Mohammad-Reza Safari1, Maryam Isfahani 2 , Nasrin Sheikh 3
Department of Laboratory Medicine
Hamadan University of Medical Sciences & Health Services
Hamadan , Iran
Phone: +98 811 8282801; Fax: +98 811 8281442
Carnitine is a small molecule widely present in all cells from prokaryotic to eukaryotic. It is an important element in b-oxidation of fatty acids. Carnitine is a scavenger of oxygen free radicals in mammalian tissues. Lack of carnitine in a hemodialysis patient can lead to carnitine deficiency. Oxidation of fatty acids and lipid metabolism are severly affected by carnitine deficiency. Oxidative stress is defined as imbalance between formation of free radicals and antioxidative defense mechanisms. It has been proposed to play a role in many disease states. In hemodialysis patients multiple factors can lead to a a high susceptibility to oxidative stress. The aim of this study was to determine hemodialysis effectiveness on the change rate of serum L-carnitine and lipid peroxidation.
27 patients with chronic renal failure (24-80 yrs) who undergo hemodialysis for 6-12 months were selected (M= 17, F= 10). Malondialdehyde (MDA), as an indicator of lipid peroxidation was measured colorimetrically with a standard thiobarbituric acid (TBA) method. L-carnitine was measured with enzymatic UV method (ROCHE, Spectronic Genesis 2, 340 nm).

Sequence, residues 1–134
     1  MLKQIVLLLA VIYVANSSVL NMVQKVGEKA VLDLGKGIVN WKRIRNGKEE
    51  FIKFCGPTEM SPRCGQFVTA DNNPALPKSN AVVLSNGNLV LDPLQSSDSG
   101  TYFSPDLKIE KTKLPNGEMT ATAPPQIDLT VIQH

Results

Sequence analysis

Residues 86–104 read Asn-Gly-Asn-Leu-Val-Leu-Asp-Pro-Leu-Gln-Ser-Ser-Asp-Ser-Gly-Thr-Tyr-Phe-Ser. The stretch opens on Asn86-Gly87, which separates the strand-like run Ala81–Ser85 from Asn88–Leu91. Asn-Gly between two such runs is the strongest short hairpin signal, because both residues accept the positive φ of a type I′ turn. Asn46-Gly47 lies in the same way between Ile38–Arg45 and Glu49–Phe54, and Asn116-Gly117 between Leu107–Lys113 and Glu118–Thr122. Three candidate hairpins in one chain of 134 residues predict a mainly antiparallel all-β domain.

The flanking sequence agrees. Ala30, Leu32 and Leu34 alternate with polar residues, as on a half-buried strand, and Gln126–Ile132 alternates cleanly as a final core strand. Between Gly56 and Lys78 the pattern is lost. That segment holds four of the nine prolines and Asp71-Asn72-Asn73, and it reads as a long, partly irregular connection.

The weight mean of L-carnitine before and after hemodialysis was 7.67±3.6 mg/l and 2.07±1.6 mg/l, respectively (P<0.001). The weight mean of pre-hemodialysis MDA was 4.17±1.24 mmol/l, following hemodialysis -4.98±1.2 mmol/l (P<0.001). Results showed that 55.6% of patients suffered from carnitine defciency. Serum carnitine was found to be decreased markedly after hemodialysis (P<0.001).
Our findings indicated that oxidative stress in these patients is further exacerbated by hemodialysis, as evidenced by increased lipid peroxidation. The relationship between serum L-carnitine and MDA before and after hemodialysis was observed (r=0.82; p<0.001; r=0.75; p<0.001).
L-carnitine is an essential factor for the membrane transport of acyl-CoA compounds, particularly for the intramitochondrial transport of long-chain fatty acids . L-carnitine also helps to remove by-products of fatty acid metabolism and other toxic compounds from the cells .